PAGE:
Mekong Capital, one of Vietnam’s oldest and largest private equity firms, has more than doubled its investment firepower with a bevy of new limited partners in Asia.
The Ho Chi Minh City-based firm held the final close on Mekong Enterprise Fund IV on $246 million on Monday, more then double the $112 million raised for its 2015-vintage predecessor, according to a Monday statement.
About 44 percent of Fund IV was raised from new investors, the majority of which were based in South Korea, Japan, Hong Kong and Singapore, founder and partner Chris Freund told Private Equity International.
“There was a substantial shift in our fundraising towards Asia,” he said, noting that Mekong did not hold any roadshows outside the region.
“Fifteen years ago, most of our non-DFI LPs came from the US, but in MEF IV only one major LP is based in the US. On the other hand, we didn’t really make any effort to get new LPs outside of Asia.”
Fund IV, which had a $200 million target and $250 million hard-cap, was first reported by PEI in September 2019.
“Covid-19 resulted in some new LPs who had planned to come to Vietnam to conduct due diligence not being able to do so, and in some cases, they were unable to move ahead to invest without an on-site due diligence,” Freund added.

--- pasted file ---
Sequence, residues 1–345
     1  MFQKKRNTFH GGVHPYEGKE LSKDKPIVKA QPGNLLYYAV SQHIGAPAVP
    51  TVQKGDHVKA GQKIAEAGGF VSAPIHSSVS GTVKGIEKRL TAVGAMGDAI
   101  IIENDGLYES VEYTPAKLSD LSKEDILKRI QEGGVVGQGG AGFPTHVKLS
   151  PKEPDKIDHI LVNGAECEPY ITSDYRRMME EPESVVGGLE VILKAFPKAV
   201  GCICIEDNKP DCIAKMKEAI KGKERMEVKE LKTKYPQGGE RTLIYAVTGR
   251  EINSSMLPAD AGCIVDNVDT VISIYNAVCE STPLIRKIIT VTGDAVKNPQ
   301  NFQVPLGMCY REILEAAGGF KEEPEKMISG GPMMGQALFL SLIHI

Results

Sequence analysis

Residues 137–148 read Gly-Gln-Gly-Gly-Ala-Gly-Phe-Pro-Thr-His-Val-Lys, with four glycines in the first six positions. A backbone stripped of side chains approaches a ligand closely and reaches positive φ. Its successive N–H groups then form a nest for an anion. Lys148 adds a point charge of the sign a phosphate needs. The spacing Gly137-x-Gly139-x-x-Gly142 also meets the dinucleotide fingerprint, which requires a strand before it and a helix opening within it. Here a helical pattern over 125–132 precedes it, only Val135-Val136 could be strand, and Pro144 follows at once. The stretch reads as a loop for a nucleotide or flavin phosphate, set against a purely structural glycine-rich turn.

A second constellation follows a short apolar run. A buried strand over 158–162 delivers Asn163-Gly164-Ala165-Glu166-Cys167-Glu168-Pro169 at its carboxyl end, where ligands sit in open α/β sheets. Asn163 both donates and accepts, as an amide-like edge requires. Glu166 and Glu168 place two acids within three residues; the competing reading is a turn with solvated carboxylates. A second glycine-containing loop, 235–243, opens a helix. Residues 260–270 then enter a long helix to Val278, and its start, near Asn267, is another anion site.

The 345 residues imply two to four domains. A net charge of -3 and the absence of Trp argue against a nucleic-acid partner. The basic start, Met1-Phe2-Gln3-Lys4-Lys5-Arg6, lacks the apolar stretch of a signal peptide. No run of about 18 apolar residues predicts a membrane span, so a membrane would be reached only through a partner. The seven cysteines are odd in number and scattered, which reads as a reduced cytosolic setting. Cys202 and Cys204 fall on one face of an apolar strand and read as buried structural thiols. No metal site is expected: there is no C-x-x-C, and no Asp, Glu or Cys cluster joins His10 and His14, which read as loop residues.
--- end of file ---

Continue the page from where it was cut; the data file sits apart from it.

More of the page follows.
“We lost [a] few LPs like that who were otherwise very interested; in those cases, a data room and zoom calls were just not sufficient. Ultimately, around 95 percent of the LP capital in MEF IV was from relationships that were well developed prior to covid-19.”
Mekong’s portfolio includes pharmacy chain Pharmacity, mattress retailer Vua Nem and lending stores business F88, according to its website. Fund IV will target 12 minority or buyout transactions ranging from $10 million to $35 million, the statement said.
“We have three pipeline opportunities [for Fund IV] that are under implementation and we expect to complete them within the first quarter,” Freund noted.
Vietnam’s private equity and venture capital markets have boomed in recent years. Firms deployed $1.8 billion across 139 deals in the country between 2017 and 2019, above the $1.1 billion invested across 71 transactions in the preceding three years, according to S&P Global Market Intelligence.
Private equity behemoths have led the charge. A KKR-led consortium acquired a minority stake in Vietnamese real estate developer Vinhomes for $650 million in June. SoftBank’s Vision Fund made its first Vietnamese investment in 2019 and Warburg Pincus backed three deals there in 2018 alone.
However, domestic firms could be at an advantage during the pandemic as global travel bans hinder due diligence efforts by regional and global players.
“Regional funds [have] got more value-add, they have more angles to play around with the business; that’s why they can afford the higher valuation,” Huong Trinh, a Ho Chi Minh-based managing director at investment banking advisory BDA Partners, told PEI in November. “But of course, now they cannot come in, they cannot make decisions quick, so domestic PE is in a very good position to acquire the company that they wished to acquire before, at a lower valuation.”